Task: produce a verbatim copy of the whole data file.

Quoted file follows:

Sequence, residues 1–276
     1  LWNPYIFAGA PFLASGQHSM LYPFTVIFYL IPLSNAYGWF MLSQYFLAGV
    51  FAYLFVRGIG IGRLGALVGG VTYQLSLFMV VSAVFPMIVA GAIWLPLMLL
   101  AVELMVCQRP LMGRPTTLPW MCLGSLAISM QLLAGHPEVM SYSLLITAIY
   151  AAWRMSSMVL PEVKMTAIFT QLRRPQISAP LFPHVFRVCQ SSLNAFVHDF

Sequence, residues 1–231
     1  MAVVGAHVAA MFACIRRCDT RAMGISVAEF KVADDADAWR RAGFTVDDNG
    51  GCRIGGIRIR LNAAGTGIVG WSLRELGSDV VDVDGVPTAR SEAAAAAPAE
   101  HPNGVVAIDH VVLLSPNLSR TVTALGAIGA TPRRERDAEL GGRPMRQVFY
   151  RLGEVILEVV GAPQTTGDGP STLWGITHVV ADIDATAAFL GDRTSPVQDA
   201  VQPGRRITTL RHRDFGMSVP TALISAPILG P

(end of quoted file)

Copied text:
Sequence, residues 1–276
     1  LWNPYIFAGA PFLASGQHSM LYPFTVIFYL IPLSNAYGWF MLSQYFLAGV
    51  FAYLFVRGIG IGRLGALVGG VTYQLSLFMV VSAVFPMIVA GAIWLPLMLL
   101  AVELMVCQRP LMGRPTTLPW MCLGSLAISM QLLAGHPEVM SYSLLITAIY
   151  AAWRMSSMVL PEVKMTAIFT QLRRPQISAP LFPHVFRVCQ SSLNAFVHDF

Sequence, residues 1–231
     1  MAVVGAHVAA MFACIRRCDT RAMGISVAEF KVADDADAWR RAGFTVDDNG
    51  GCRIGGIRIR LNAAGTGIVG WSLRELGSDV VDVDGVPTAR SEAAAAAPAE
   101  HPNGVVAIDH VVLLSPNLSR TVTALGAIGA TPRRERDAEL GGRPMRQVFY
   151  RLGEVILEVV GAPQTTGDGP STLWGITHVV ADIDATAAFL GDRTSPVQDA
   201  VQPGRRITTL RHRDFGMSVP TALISAPILG P